Dan Coppola

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My day job is owner of Café Domestique, a coffee shop on Willy Street. I came to this in a roundabout way.

Through high school and college, and for about 15 years afterwards, I worked in the bike industry. I managed logistics for cycling vacations and events for Trek Travel and active running and cycling events while working at Adventure Fit, a Colorado event promotion company.

Most of my work could be done remotely, and I’d always find the best coffee shop in town and work from there. I didn’t really start drinking coffee until I was living in the Netherlands. The Trek Travel office was in their travel distribution center, which was in a warehouse.

They were very strict about their breaks and everybody gathered around the coffee machine, which was a restaurant-style machine that was never serviced and made really bad coffee. But it was more about the social aspect than the coffee.

After we moved back to the States, my wife and I lived in Colorado. I started to hang out more at coffee shops around town and prepare coffee at home more. When we moved to Madison, I thought we should open a coffee shop like we’d experienced in Colorado. Because we were cyclists, we hung out at places where people would start group rides or hang out and watch the Tour de France.

The first iteration was going to be a bike shop and café, but instead I opened a café next to a bike shop—the owner is someone I knew from Trek. We were both developing our business plans, realized we were duplicating each other’s work and decided it would make sense to find a space where we could co-habitate. He could focus on biking; I could do the coffee. His shop is The Cargo Bike Shop.

I learned the coffee end of things from our roaster, Intelligensia. They have a pretty large training lab in Chicago and trained me on the drink production end of things.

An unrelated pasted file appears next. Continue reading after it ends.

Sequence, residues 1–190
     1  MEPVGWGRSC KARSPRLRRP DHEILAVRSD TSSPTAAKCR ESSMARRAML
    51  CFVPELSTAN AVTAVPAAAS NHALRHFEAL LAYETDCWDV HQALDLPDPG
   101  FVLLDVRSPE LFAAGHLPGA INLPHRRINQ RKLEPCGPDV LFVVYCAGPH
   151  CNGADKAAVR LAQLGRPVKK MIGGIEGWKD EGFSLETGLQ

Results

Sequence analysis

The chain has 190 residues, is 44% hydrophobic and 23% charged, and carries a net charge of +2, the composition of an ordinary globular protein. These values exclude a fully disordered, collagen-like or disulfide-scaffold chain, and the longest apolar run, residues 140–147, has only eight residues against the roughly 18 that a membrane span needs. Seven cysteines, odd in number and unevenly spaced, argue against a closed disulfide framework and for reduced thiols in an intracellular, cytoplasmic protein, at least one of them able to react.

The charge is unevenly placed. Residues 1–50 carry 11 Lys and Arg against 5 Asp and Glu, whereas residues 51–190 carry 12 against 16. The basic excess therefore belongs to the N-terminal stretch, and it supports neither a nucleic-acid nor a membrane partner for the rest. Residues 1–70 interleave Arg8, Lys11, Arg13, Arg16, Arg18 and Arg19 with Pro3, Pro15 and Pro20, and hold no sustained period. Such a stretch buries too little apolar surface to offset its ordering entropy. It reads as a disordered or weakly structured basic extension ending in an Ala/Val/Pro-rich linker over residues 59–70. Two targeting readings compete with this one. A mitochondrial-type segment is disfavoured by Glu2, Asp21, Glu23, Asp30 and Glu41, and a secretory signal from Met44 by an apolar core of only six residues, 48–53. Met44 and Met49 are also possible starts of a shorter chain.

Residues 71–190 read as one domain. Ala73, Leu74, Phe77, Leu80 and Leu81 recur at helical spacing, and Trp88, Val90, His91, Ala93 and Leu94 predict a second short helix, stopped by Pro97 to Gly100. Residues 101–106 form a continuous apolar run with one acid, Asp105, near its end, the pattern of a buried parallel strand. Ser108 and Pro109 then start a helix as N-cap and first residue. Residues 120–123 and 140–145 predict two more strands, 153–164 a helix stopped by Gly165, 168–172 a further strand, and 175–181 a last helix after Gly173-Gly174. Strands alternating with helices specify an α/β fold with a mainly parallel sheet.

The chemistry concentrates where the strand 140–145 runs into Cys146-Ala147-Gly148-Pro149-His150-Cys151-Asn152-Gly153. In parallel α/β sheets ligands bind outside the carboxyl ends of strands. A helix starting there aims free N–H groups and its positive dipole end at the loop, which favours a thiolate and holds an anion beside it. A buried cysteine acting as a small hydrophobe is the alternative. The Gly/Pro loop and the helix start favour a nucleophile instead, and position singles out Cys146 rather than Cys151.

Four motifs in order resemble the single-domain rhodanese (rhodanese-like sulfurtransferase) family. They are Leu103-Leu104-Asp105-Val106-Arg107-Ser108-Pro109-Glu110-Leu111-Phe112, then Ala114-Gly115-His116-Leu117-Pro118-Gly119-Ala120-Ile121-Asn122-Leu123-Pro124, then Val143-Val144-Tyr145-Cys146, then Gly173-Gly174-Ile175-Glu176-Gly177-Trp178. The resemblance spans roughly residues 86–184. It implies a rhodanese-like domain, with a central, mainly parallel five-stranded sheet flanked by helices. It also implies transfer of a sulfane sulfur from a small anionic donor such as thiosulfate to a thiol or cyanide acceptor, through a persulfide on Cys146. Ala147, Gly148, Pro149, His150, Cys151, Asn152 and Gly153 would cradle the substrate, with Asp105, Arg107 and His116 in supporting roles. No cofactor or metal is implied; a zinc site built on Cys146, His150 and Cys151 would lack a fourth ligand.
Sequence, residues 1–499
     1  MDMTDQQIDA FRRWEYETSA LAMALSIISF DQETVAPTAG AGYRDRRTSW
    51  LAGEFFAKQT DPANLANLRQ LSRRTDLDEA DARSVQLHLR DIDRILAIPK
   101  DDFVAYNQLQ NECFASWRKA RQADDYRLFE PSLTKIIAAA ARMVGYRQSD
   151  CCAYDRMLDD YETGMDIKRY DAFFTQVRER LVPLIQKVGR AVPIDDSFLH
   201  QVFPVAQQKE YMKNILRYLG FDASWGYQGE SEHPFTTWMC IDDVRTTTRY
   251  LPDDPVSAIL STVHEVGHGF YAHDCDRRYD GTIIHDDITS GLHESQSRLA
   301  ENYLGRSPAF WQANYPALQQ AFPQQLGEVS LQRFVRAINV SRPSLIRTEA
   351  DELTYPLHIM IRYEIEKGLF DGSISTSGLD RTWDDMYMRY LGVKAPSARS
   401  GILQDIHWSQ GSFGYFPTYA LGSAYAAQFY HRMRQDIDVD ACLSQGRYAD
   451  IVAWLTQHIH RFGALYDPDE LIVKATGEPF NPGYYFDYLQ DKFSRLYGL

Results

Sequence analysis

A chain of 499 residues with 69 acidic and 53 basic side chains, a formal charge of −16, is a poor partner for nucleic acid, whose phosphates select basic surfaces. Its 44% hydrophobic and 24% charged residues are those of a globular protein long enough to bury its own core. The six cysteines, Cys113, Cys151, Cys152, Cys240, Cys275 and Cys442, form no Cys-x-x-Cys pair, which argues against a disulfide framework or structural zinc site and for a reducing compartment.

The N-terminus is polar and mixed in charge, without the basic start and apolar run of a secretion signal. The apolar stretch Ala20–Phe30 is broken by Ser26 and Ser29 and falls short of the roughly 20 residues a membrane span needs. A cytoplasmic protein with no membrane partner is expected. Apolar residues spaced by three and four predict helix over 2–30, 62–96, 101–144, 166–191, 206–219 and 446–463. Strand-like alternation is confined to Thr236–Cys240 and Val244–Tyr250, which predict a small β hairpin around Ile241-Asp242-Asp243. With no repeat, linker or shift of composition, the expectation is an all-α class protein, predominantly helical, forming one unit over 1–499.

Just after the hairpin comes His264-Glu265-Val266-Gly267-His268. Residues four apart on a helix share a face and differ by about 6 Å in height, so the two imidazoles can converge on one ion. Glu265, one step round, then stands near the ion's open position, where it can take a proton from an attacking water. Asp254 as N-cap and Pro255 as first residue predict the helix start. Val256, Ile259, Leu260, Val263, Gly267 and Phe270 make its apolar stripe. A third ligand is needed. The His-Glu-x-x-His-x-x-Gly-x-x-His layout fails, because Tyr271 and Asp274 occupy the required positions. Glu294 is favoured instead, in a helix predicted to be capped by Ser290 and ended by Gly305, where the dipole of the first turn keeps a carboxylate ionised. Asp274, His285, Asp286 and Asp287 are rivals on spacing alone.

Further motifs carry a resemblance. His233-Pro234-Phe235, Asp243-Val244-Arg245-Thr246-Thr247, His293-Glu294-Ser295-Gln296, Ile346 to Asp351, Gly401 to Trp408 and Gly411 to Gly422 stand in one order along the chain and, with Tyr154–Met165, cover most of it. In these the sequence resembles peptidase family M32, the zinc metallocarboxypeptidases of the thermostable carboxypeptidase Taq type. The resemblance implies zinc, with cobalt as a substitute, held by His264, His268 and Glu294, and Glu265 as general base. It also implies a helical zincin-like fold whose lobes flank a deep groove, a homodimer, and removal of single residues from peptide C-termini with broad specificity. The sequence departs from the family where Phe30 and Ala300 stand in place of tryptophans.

For the business end of things—which I’m still learning!—I took a small business development class. Half is writing your business plan and half is presentations from industry professionals you’ll need to deal with in the future. It was invaluable. It forces you to look at the things that aren’t fun, but that you need to deal with to survive like accounting and insurance.

What I love best about my shop is being a community hub: a place to see old friends and meet new ones. I thought we’d be a bike café, but we’ve really turned into a neighborhood café. If you live within a three-block radius, odds are I know what you’re going to order before you get to the counter!

We recently opened a second location in Paoli that has the same structure, right next to a bike shop (1 Oak Bicycles). Paoli is a very seasonal town that’s oriented to events, art galleries and shops. We’ll be closed until March as this is a slow time for Paoli, but open on a Wednesday-Sunday schedule soon.

My most memorable caffeine was in Japan. My wife, who’s an acupuncturist, had someone she wanted to study under so she arranged a trip to Kyoto. We found a coffee shop on Trip Advisor, Weekenders. If you look at the photo, it’s the most idyllic Japanese garden you’ve ever seen. And it IS that way—but it’s also in a parking lot in a very industrial area. We spent 30 minutes trying to find it!

It’s a tiny space with no indoor seating—there’s just a little bench out front. I had possibly the most carefully prepared cappuccino I’ve ever had—and maybe the best cup of coffee in my life. Everything the owner did was intentional. It wasn’t fast. It wasn’t efficient by any stretch.

That was our experience throughout Japan, no matter where we went. If we were in a train station, or a chain of coffee shops, the baristas were very intentional: there was no coffee to go, no batch brew. It was the traditional Japanese tea service philosophy applied to coffee.

My current caffeine of choice is a cortado. This is equal parts espresso and steamed milk. This drink has regional names. On the west coast it’s often called a Gibraltar. The “legend” is that a coffee place called Blue Bottle Coffee ordered the wrong size glass for cappuccinos. When customers asked what this drink was called, the barista looked at the bottom of the glass— “Gibraltar” was stamped across the bottom—and that became the name.

My favorite place for caffeine is Café Domestique! I like to come in early, make myself a cortado and just sit there with the lights off. It’s a good quiet time.

The person I’d love to share a cup of caffeine with is my wife, and I get to do it all the time. It’s special but also regular. Over the years, we’ve shared a cup of coffee in many places. It’s our time to sit down, catch up and recover from the chaos of everyday life.

World problem that could be solved with the right amount of caffeine. Everything!As small as “what’s for dinner” to larger problems like how to reopen the government.

If we could get people around the table talking about things in a civilized manner, that would be beneficial for everyone. With the right amount of coffee, I feel like I could get people to start communicating with one another. Coffee has been that conversation starter. It’s been the social tool that brings people from different s